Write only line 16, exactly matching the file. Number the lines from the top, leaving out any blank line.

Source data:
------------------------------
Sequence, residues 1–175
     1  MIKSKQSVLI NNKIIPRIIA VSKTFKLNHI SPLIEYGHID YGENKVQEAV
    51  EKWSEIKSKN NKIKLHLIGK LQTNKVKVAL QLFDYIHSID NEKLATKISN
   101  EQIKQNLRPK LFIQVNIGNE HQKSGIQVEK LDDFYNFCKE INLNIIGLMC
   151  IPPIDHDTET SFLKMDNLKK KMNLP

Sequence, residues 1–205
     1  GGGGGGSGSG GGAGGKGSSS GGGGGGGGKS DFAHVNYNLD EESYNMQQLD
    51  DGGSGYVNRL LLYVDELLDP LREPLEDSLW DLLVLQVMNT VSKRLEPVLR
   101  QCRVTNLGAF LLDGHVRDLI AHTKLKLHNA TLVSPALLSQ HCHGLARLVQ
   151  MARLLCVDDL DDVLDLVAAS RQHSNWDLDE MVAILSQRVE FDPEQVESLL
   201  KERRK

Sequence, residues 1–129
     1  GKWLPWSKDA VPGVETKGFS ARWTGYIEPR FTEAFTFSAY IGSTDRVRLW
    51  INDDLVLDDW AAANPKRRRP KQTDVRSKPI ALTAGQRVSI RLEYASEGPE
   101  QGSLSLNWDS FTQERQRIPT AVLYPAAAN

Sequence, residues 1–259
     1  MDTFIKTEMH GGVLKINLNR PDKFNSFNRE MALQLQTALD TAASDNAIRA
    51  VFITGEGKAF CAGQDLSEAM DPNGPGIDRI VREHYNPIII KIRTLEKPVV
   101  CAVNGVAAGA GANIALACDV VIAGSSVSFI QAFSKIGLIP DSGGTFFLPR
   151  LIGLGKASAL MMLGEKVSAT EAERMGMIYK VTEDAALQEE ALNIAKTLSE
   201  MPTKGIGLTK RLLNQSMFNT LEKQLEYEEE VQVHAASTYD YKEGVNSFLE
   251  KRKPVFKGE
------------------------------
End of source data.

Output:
Sequence, residues 1–259